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(Reuters) - Missouri officials are pressing forward with the Wednesday execution of convicted killer Michael Worthington despite calls for caution after last month's problematic execution in Arizona in which the inmate took more than an hour to die.
The Missouri execution will be the first since the July 23 execution in Arizona of Joseph Wood, who some witnesses said gasped and struggled for breath for more than 90 minutes as he was put to death at a state prison complex.
Attorneys for Worthington have filed two different stay applications with the U.S. Supreme Court, asking the high court to prohibit Missouri from putting Worthington to death until more scrutiny is given to what happened in Arizona and to ongoing secrecy in Missouri about the lethal injection drugs being used.
"It seems like it would be a reasonable request. The Arizona case ... gives us some additional ammunition," said attorney Kent Gibson, who is representing Worthington.
The complications in the Arizona execution came after two other lethal injections went awry earlier this year in Ohio and Oklahoma.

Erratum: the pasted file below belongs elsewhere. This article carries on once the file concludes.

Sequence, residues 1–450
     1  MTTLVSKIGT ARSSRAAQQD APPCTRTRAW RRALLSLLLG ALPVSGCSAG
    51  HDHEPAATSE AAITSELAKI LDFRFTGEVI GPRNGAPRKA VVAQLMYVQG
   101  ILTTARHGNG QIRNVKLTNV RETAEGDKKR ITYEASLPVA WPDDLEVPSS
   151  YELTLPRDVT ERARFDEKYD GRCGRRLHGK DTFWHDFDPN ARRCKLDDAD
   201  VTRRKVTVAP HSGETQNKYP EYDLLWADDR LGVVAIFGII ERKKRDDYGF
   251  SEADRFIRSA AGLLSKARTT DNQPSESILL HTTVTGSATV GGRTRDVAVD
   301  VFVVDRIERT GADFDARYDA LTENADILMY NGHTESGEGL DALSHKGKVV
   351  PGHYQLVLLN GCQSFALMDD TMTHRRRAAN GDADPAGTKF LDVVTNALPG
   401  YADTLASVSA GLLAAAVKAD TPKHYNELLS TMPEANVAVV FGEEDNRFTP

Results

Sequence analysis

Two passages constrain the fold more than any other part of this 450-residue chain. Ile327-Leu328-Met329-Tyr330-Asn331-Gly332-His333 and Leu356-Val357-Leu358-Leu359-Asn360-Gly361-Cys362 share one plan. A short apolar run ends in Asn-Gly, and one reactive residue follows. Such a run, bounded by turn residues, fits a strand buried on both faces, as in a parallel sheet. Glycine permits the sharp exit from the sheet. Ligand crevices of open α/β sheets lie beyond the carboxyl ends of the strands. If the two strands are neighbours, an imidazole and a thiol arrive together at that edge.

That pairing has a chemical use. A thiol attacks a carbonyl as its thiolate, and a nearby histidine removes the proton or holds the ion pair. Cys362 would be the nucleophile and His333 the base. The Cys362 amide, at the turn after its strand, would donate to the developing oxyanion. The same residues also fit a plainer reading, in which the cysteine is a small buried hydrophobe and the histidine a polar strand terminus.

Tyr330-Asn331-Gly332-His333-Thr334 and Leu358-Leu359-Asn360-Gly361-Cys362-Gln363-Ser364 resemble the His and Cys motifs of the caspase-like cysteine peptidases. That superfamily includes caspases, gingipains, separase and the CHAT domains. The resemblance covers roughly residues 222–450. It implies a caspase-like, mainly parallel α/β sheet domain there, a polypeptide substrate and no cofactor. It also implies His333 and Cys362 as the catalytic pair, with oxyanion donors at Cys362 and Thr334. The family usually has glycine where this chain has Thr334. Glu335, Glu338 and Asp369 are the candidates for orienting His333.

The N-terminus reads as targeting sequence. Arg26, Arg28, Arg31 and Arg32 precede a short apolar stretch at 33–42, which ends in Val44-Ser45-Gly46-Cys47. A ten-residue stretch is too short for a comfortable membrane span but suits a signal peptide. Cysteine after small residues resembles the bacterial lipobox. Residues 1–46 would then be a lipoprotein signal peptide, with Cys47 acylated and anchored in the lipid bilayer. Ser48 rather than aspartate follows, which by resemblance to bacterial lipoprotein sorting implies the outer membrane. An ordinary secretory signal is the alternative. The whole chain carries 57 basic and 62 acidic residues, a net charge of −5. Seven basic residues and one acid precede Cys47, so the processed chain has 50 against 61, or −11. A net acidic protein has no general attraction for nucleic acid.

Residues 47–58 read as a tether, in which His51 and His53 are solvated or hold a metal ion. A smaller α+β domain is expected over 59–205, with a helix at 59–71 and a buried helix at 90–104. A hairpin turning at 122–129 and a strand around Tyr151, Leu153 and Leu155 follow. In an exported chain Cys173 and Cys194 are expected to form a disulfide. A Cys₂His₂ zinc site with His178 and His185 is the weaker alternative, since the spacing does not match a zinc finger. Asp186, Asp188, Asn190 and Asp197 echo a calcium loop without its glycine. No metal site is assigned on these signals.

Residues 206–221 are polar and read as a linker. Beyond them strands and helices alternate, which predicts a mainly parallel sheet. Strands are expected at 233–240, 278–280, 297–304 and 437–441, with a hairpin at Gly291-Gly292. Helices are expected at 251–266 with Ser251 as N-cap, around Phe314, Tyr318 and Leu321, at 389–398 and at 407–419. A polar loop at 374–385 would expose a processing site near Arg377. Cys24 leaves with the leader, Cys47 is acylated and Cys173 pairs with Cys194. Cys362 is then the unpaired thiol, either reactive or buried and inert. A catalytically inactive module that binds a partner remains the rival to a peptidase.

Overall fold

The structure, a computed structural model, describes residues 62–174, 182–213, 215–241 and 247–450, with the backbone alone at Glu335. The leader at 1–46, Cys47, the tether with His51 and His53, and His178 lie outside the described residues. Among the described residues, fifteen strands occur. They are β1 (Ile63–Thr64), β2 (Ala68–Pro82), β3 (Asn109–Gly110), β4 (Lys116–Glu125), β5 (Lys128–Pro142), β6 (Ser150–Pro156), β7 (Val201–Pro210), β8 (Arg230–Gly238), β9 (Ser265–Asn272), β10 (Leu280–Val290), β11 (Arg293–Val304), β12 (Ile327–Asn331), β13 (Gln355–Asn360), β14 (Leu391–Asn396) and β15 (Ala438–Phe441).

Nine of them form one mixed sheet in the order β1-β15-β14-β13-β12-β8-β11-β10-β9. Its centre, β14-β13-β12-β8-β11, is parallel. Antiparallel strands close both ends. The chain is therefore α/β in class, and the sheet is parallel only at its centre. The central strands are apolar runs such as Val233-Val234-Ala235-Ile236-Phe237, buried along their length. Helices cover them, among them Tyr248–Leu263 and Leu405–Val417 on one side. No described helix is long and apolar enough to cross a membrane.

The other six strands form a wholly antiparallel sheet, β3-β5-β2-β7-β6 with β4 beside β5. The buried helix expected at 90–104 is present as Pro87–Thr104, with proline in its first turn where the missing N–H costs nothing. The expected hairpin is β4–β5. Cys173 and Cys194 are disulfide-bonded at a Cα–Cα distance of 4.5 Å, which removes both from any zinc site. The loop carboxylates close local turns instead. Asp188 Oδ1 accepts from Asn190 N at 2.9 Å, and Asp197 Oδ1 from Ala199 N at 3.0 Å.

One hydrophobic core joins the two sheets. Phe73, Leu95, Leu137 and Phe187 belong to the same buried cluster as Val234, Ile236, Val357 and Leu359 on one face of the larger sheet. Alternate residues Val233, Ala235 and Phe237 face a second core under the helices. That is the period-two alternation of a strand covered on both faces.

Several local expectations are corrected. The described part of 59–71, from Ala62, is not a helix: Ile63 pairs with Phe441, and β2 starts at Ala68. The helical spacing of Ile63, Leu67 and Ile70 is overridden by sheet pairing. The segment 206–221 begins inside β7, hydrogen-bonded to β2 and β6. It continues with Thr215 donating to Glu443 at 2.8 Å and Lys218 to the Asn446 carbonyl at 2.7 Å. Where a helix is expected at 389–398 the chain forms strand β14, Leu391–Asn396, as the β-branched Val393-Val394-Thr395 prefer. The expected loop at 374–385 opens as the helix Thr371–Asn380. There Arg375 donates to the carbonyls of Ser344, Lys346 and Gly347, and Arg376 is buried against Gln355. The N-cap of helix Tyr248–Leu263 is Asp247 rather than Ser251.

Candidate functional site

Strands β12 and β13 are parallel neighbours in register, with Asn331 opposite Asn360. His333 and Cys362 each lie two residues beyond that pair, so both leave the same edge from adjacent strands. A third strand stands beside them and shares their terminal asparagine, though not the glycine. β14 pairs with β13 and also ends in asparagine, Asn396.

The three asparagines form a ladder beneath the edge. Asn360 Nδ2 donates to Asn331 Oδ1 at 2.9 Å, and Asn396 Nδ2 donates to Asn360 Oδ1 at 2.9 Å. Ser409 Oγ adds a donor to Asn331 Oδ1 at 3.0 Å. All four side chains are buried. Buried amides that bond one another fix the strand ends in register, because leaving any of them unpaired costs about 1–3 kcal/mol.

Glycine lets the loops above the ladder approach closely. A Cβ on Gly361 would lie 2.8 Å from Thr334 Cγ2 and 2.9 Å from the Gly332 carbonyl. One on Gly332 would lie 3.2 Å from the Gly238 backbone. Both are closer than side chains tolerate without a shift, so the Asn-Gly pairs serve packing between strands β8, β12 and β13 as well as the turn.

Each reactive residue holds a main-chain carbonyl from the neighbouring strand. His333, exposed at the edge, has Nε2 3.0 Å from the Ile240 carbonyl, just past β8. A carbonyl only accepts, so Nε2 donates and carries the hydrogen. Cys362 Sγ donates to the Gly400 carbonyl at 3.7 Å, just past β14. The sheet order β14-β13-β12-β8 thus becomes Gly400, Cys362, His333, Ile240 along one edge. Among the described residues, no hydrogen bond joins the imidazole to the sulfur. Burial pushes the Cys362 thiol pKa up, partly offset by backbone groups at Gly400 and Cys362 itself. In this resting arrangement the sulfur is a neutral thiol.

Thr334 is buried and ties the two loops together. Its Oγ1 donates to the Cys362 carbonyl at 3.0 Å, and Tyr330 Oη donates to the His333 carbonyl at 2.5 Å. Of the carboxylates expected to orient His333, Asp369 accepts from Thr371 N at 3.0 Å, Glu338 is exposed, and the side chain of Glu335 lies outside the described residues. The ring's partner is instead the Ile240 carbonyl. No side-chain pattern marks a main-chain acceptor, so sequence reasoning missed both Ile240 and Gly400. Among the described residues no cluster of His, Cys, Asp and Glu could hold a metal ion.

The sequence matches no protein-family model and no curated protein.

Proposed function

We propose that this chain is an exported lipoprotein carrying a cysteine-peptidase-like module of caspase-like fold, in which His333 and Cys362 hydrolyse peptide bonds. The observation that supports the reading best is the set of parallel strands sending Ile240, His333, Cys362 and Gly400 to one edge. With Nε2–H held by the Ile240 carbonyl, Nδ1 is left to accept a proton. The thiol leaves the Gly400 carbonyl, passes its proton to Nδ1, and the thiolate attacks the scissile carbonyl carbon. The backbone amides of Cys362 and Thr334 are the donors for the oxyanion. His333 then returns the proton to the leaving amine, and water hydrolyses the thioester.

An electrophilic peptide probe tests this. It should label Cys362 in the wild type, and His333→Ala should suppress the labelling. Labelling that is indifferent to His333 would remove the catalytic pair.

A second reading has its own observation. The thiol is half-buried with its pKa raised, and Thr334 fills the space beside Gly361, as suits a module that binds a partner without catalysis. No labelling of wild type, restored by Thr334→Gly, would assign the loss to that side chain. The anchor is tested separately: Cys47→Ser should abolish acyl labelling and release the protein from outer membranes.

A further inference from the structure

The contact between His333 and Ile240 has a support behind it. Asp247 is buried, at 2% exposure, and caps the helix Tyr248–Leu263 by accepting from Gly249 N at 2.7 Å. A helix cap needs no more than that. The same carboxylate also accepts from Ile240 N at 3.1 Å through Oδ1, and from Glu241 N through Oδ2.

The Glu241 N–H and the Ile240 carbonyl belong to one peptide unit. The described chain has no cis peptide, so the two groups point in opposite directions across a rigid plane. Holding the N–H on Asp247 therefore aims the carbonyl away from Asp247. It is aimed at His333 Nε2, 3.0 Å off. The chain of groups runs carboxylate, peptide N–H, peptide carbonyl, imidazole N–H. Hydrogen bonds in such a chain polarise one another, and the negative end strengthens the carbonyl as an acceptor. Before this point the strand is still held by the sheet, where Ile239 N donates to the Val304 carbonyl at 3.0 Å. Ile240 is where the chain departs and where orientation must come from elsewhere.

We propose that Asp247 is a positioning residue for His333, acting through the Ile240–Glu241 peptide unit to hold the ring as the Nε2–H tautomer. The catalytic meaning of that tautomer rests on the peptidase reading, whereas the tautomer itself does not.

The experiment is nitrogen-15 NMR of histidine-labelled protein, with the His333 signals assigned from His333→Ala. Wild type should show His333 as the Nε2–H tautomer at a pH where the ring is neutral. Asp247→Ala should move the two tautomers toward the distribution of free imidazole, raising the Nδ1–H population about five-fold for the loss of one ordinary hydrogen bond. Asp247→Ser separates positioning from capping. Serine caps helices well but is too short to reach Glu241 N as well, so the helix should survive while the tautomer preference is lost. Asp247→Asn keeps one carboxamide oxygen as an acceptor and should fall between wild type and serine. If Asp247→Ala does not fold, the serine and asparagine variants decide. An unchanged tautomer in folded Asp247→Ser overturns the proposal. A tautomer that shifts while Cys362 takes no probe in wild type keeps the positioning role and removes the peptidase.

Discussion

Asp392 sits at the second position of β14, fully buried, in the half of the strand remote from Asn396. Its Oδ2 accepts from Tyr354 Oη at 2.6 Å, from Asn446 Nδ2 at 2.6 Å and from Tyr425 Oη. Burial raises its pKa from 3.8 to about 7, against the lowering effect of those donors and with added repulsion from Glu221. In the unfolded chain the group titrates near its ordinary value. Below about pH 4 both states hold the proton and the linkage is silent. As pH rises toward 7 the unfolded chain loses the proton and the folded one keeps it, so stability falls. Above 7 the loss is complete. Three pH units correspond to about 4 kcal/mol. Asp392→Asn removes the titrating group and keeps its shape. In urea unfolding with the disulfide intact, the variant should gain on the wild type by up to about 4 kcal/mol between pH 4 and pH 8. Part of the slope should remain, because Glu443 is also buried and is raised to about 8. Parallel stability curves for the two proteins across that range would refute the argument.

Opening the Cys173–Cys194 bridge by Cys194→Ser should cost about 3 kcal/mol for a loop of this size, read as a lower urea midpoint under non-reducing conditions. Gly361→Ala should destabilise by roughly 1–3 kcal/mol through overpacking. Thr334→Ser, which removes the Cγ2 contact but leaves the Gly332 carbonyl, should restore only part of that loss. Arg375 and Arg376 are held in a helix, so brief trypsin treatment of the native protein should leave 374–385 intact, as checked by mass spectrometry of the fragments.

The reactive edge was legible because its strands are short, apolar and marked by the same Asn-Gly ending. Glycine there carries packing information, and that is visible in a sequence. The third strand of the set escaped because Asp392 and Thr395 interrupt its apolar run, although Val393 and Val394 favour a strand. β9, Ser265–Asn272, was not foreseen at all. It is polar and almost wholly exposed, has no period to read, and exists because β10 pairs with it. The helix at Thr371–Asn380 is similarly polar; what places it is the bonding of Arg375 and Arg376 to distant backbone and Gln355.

The American Civil Liberties Union on Monday called for a national suspension of executions due to what it has called a string of "botched" executions recently. States need to provide more transparency and accountability before executions resume, the ACLU said.
"Every state contemplating a future execution by lethal injection ought to be scrutinizing their process," said Brian Stull, an ACLU attorney.
Lethal injection drugs have been the subject of mounting controversy and court challenges as many states have started using drugs supplied by lightly regulated compounding pharmacies because traditional suppliers have backed away from the market. Several states, including Missouri, have refused to provide details about where they are getting the drugs.
Missouri said Tuesday that there is no need to suspend executions. The state uses pentobarbital, not the two-chemical combination used in Arizona, and its execution procedure is proper, according to the Missouri Attorney General's Office.
Worthington, 43, is set to die at 12:01 a.m. central standard time Wednesday. He was convicted of murder for the 1995 rape and strangling of a suburban St. Louis woman.
Worthington is one of more than a dozen inmates who are challenging Missouri's lethal injection protocols in a federal lawsuit.
A hearing in that case is set for Sept. 9 in the U.S. Court of Appeals for the Eighth Circuit in St. Louis, Missouri.
Reporting by Carey Gillam in Kansas City; Editing by Doina Chiacu